The Distinguishability of Random Quantum States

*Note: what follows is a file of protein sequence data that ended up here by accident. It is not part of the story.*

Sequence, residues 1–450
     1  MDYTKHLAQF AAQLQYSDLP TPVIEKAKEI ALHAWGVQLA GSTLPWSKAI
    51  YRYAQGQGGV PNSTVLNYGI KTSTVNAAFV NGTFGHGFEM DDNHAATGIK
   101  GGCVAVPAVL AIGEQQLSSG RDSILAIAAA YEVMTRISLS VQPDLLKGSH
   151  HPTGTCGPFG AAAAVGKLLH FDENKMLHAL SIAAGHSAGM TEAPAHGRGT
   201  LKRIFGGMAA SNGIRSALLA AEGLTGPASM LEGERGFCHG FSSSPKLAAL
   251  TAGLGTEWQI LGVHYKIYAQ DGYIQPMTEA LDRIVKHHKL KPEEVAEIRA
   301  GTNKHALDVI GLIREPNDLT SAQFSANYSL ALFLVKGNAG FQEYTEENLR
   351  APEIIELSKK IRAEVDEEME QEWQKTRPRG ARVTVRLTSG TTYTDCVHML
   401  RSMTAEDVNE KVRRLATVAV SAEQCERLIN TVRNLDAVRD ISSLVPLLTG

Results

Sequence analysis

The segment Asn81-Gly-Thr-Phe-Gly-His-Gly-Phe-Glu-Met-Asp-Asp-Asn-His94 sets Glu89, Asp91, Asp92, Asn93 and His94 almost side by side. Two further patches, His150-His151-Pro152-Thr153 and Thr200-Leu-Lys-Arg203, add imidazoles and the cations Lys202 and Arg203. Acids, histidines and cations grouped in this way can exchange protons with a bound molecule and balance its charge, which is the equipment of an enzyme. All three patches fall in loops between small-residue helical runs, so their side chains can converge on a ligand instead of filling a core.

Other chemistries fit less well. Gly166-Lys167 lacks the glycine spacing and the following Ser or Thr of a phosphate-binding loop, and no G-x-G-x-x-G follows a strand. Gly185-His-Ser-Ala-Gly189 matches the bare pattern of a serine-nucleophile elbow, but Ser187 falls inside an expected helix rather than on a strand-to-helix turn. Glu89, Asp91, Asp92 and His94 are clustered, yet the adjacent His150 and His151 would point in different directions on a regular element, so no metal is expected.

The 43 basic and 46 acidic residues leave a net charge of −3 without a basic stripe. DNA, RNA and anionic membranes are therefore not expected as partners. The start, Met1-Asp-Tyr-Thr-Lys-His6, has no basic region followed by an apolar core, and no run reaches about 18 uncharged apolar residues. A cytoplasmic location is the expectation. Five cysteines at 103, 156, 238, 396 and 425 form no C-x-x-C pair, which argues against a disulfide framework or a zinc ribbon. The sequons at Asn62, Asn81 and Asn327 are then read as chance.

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It is a fundamental property of quantum mechanics that non-orthogonal pure states cannot be distinguished with certainty, which leads to the following problem: Given a state picked at random from some ensemble, what is the maximum probability of success of determining which state we actually have? I will discuss two recently obtained analytic lower bounds on this optimal probability. An interesting case to which these bounds can be applied is that of ensembles consisting of states that are themselves picked at random. In this case, I will show that powerful results from random matrix theory may be used to give a strong lower bound on the probability of success, in the regime where the ratio of the number of states in the ensemble to the dimension of the states is constant. I will also briefly discuss applications to quantum computation (the oracle identification problem) and to the study of generic entanglement.